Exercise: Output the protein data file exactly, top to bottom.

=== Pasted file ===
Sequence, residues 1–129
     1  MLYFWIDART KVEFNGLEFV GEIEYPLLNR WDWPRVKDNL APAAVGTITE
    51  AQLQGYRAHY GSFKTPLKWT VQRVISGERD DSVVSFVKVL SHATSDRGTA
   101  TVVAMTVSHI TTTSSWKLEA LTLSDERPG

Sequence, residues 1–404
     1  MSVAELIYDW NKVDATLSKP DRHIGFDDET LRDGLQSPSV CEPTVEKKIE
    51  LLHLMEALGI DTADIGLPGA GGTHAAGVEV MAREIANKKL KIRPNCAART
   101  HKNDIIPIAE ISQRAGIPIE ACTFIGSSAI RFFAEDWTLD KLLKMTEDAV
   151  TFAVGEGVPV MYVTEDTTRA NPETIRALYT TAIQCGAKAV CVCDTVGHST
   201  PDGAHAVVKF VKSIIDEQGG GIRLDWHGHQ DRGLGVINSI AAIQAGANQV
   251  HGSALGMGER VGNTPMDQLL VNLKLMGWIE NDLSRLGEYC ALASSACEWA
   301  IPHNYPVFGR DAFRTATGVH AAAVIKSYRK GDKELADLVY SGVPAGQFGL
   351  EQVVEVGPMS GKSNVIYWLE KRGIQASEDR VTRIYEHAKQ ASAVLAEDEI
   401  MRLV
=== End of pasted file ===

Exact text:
Sequence, residues 1–129
     1  MLYFWIDART KVEFNGLEFV GEIEYPLLNR WDWPRVKDNL APAAVGTITE
    51  AQLQGYRAHY GSFKTPLKWT VQRVISGERD DSVVSFVKVL SHATSDRGTA
   101  TVVAMTVSHI TTTSSWKLEA LTLSDERPG

Sequence, residues 1–404
     1  MSVAELIYDW NKVDATLSKP DRHIGFDDET LRDGLQSPSV CEPTVEKKIE
    51  LLHLMEALGI DTADIGLPGA GGTHAAGVEV MAREIANKKL KIRPNCAART
   101  HKNDIIPIAE ISQRAGIPIE ACTFIGSSAI RFFAEDWTLD KLLKMTEDAV
   151  TFAVGEGVPV MYVTEDTTRA NPETIRALYT TAIQCGAKAV CVCDTVGHST
   201  PDGAHAVVKF VKSIIDEQGG GIRLDWHGHQ DRGLGVINSI AAIQAGANQV
   251  HGSALGMGER VGNTPMDQLL VNLKLMGWIE NDLSRLGEYC ALASSACEWA
   301  IPHNYPVFGR DAFRTATGVH AAAVIKSYRK GDKELADLVY SGVPAGQFGL
   351  EQVVEVGPMS GKSNVIYWLE KRGIQASEDR VTRIYEHAKQ ASAVLAEDEI
   401  MRLV